9:00 AM EST, January 15, 2013
Your report on moves to change state referendum procedures repeatedly refers to "electronic signatures" ("Petition process under scrutiny," Jan. 9). That is a misnomer.
It would be nice if in the 21st century we were allowed to petition our government in a modern way. But in fact the voter must sign a physical piece of paper with a pen. The only part of the process that can be interpreted as "electronic" is that the petition form itself is created individually, with the name and address fields filled in with information extracted from the state's voter registration database.
That procedure did not evolve in a vacuum. It was created because the state was invalidating an exorbitant number of signatures for minor reasons — such as leaving out a middle initial — when previously such restrictions had not been applied.
It is difficult to walk up to a voter on the street who can recall information precisely as is recorded in the state's files. Personalizing a petition form merely improves accuracy and assists in the state's onerous validation process.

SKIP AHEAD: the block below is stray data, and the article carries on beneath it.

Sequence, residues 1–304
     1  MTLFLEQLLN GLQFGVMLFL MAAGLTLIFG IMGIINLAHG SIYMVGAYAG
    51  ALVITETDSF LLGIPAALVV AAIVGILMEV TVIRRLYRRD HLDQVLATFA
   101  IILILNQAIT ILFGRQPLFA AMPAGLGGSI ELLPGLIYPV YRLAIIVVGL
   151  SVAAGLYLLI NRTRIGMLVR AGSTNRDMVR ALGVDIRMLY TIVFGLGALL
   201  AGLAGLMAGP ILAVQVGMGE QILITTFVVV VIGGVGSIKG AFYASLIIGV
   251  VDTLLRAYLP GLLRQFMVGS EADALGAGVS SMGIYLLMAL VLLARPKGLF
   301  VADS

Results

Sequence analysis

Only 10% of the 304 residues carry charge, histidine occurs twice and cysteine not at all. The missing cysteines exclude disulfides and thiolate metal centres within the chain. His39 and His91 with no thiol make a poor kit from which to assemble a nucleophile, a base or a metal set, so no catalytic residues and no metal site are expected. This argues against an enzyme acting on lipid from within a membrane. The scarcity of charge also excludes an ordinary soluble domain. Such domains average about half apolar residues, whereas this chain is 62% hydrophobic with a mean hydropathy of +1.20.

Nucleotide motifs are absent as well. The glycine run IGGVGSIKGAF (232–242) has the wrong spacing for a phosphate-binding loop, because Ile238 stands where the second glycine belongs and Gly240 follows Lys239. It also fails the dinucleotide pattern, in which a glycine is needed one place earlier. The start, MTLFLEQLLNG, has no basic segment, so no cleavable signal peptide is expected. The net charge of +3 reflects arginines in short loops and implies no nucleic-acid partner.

The brouhaha over the governor and others' rebellion against citizen's having the effrontery to challenge new laws results from its application to the referendum process. Lost in the dust is the fact that third parties must come up with 10,000 petition signatures merely to be recognized by the state — and the same stringent rules are applied to these petitions, too. (The 10,000 signatures are required despite the fact that a third party may have more than that number of registered members.)
In the case Libertarian Party of Maryland and Maryland Green Party v. Maryland State Board of Elections, a state circuit court judge ruled that the signature requirements were in fact overly restrictive. He was using common sense, but the Maryland Court of Appeals overruled him in a unanimous decision that was clearly politically driven.
Electronically generated petitions are merely a consequence of how difficult it is to meet the state-mandated requirements. What is really needed is a revision of the petition laws in a way that enhances, rather than diminishes, the rights of Maryland citizens.
Robert E. Glaser, Owings Mills
The writer is secretary of the Maryland Libertarian Party.
Copyright © 2014, The Baltimore Sun